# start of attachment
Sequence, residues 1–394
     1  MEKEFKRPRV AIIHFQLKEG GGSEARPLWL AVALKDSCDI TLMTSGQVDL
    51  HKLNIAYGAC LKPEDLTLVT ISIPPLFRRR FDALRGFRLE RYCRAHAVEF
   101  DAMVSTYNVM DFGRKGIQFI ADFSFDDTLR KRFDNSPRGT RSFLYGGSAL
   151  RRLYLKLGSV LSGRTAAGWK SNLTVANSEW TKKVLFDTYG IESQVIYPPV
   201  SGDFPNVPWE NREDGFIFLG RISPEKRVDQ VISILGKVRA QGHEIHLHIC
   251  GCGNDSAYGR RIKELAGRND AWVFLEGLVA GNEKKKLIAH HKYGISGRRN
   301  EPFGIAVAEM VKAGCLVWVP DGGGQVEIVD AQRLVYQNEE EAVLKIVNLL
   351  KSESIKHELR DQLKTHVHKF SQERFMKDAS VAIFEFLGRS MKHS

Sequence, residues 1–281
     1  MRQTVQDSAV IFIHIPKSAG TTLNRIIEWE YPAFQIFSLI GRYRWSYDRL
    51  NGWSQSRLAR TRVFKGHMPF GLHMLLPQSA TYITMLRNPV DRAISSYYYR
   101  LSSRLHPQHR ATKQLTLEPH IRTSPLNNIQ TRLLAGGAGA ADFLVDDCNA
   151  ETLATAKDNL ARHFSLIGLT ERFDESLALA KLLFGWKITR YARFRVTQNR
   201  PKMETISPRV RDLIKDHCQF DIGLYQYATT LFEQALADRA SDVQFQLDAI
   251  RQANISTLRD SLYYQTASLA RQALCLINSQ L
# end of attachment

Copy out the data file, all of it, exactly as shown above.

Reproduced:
Sequence, residues 1–394
     1  MEKEFKRPRV AIIHFQLKEG GGSEARPLWL AVALKDSCDI TLMTSGQVDL
    51  HKLNIAYGAC LKPEDLTLVT ISIPPLFRRR FDALRGFRLE RYCRAHAVEF
   101  DAMVSTYNVM DFGRKGIQFI ADFSFDDTLR KRFDNSPRGT RSFLYGGSAL
   151  RRLYLKLGSV LSGRTAAGWK SNLTVANSEW TKKVLFDTYG IESQVIYPPV
   201  SGDFPNVPWE NREDGFIFLG RISPEKRVDQ VISILGKVRA QGHEIHLHIC
   251  GCGNDSAYGR RIKELAGRND AWVFLEGLVA GNEKKKLIAH HKYGISGRRN
   301  EPFGIAVAEM VKAGCLVWVP DGGGQVEIVD AQRLVYQNEE EAVLKIVNLL
   351  KSESIKHELR DQLKTHVHKF SQERFMKDAS VAIFEFLGRS MKHS

Sequence, residues 1–281
     1  MRQTVQDSAV IFIHIPKSAG TTLNRIIEWE YPAFQIFSLI GRYRWSYDRL
    51  NGWSQSRLAR TRVFKGHMPF GLHMLLPQSA TYITMLRNPV DRAISSYYYR
   101  LSSRLHPQHR ATKQLTLEPH IRTSPLNNIQ TRLLAGGAGA ADFLVDDCNA
   151  ETLATAKDNL ARHFSLIGLT ERFDESLALA KLLFGWKITR YARFRVTQNR
   201  PKMETISPRV RDLIKDHCQF DIGLYQYATT LFEQALADRA SDVQFQLDAI
   251  RQANISTLRD SLYYQTASLA RQALCLINSQ L